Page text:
Her father (again, who’s dead) tells her that she may be experiencing time in a “non-linear fashion,” but he also suggests that this could be “some sort of fever-dream, morphine-drip head trauma type of thing.” He suggests that Alma has abilities like shamans of old—the type of people that Western society simply throws out on the streets for being crazy. In visions, Alma sees her whole future play out reasonably predictably on one possible timeline (including a handful of funerals in her family’s Catholic church). But her father suggests that if she chooses to help him, time can be a relative thing—and she sees pictures of herself and her family in various, flexible age stages as her father steps out of a cave dressed completely in white. (He refers to these dreamy states as a “spirit realm.”)

We see a flashback of Alma attempting suicide: She lies on a bathroom floor, blood covering her wrist as her worried mother discovers her. We also hear from sister Becca how Alma always stole the spotlight from her, be it getting busted for marijuana or cutting herself. Alma’s “boyfriend” (whom she actually broke up with last episode) realizes that Alma’s forgotten they broke up at all, and so he pretends like nothing happened. Characters use the f-word twice and the s-word once.

Sept. 13, 2019 – S1, Ep1: “The Crash”

After getting into a fight with her sister at church, Alma suffers a nearly fatal car accident when she thinks she sees her father along the side of the road.

We see the crash in some detail: Alma’s head smashes into the windshield when her car crumples against a telephone pole. Afterward, we see her unconscious, her head against the steering wheel as blood drips down.

Beforehand, after a night of drinking tequila shots with her newly engaged sister, Alma comes home (likely driving home drunk), takes off her shirt, climbs on her live-in boyfriend and tells him that she’s “humping” his rear. The two kiss and cuddle. “Can you promise me we’re not going to be like one of those boring couples that gets married and settles down and has babies and is, like, all happy?” She says. He promises that they can be vagabonds for the rest of their lives (but that doesn’t stop her from breaking up with him later).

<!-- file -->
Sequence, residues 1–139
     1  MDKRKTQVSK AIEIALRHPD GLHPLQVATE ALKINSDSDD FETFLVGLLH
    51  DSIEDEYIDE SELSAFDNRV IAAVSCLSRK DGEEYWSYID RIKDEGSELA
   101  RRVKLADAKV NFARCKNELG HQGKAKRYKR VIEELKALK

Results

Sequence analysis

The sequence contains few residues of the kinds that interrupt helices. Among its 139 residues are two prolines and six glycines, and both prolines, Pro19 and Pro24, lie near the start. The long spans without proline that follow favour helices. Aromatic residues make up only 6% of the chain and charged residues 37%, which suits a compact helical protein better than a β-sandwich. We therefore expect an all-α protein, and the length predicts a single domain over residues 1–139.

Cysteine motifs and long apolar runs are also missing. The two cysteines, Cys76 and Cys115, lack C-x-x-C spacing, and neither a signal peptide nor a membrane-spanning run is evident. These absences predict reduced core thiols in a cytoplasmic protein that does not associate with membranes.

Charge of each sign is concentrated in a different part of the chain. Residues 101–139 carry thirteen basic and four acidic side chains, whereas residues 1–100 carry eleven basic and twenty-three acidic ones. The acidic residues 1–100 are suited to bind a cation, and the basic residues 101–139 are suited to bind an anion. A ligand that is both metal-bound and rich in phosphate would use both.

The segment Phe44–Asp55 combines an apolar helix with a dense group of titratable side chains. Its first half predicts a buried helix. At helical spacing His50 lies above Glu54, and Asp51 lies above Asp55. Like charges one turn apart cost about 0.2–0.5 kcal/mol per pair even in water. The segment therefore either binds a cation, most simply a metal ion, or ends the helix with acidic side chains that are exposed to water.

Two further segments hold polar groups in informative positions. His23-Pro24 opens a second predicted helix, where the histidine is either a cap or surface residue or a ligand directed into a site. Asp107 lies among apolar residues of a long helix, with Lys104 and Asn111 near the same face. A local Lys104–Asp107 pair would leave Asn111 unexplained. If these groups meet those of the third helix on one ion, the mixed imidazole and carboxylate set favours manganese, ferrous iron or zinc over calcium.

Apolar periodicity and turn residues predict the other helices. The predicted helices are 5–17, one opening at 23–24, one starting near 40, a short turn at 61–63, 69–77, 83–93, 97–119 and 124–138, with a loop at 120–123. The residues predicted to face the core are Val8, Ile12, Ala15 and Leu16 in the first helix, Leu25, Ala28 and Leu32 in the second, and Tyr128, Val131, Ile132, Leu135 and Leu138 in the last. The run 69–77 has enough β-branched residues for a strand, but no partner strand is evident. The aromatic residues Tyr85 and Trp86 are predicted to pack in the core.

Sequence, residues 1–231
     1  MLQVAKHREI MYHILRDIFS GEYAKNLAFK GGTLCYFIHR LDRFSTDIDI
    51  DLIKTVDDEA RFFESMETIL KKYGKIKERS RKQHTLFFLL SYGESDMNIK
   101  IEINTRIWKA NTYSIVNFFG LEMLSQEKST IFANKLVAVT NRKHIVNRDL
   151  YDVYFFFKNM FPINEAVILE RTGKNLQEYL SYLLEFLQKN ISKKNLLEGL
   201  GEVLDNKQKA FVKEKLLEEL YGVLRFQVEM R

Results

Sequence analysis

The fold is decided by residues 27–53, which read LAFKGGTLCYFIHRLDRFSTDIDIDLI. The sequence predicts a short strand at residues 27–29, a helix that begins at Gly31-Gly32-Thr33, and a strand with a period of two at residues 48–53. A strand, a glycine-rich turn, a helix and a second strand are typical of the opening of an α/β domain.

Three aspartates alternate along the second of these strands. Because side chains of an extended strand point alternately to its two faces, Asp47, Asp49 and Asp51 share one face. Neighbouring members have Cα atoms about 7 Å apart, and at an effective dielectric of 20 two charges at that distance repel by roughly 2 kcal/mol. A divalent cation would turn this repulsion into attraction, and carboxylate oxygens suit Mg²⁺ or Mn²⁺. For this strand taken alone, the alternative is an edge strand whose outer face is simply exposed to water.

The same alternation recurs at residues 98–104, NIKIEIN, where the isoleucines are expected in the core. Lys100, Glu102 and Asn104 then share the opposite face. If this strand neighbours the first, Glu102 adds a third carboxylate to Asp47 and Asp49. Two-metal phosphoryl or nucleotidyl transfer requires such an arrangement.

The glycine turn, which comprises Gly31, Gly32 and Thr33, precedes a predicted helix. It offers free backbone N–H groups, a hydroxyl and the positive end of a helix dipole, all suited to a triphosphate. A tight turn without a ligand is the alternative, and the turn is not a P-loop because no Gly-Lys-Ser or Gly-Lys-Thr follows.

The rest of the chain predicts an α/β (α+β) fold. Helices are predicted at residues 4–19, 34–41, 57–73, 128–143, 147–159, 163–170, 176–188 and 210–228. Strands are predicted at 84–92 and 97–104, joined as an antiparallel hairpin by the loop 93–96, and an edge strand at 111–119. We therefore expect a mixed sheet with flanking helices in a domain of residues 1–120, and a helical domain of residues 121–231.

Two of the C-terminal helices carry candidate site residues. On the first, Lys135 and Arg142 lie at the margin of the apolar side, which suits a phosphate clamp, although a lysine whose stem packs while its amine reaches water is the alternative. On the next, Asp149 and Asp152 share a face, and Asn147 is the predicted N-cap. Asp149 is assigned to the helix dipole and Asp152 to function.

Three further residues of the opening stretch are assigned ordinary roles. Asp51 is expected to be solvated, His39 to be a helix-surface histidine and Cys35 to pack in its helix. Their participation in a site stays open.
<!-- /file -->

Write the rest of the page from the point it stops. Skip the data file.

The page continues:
After another night of drinking, Alma, Becca and a bartender head to Alma’s house and play a game of truth or dare. By the time we get to that point, both Alma and the bartender are shirtless (Alma’s wearing a bra), and Alma convinces the barkeep and his sister to kiss as part of the game. The two make out as Alma leaves the room and vomits in the bathroom.

Alma tells Becca that she’s “trying to drink less.” We hear about her grandmother, who ended up on lithium and slammed a broom handle into a television set while her kids were watching Howdy Doody. There’s talk of Alma being a virgin (which, all eventually agree, she definitely is not). We see her from the shoulders up in the shower.

Becca and their mother listen to a Catholic priest talk about the wisdom of indigenous people and insist that today’s culture has lost all sense of nature and the environment. Characters say the f- and s-word both once and misuse God’s name about seven or eight times. Alma also spells out the c-word, using it to refer to one of the little girls she’s watching at a daycare center.

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Paul Asay

Paul Asay has been part of the Plugged In staff since 2007, watching and reviewing roughly 15 quintillion movies and television shows. He’s written for a number of other publications, too, including Time, The Washington Post and Christianity Today. The author of several books, Paul loves to find spirituality in unexpected places, including popular entertainment, and he loves all things superhero. His vices include James Bond films, Mountain Dew and terrible B-grade movies. He’s married, has two children and a neurotic dog, runs marathons on occasion and hopes to someday own his own tuxedo. Feel free to follow him on Twitter @AsayPaul.

Emily Clark
Emily Clark

Emily studied film and writing when she was in college. And when she isn’t being way too competitive while playing board games, she enjoys food, sleep, and indulging in her “nerdom,” which is the collective fan cultures of everything she loves, such as Star Wars and Lord of the Rings.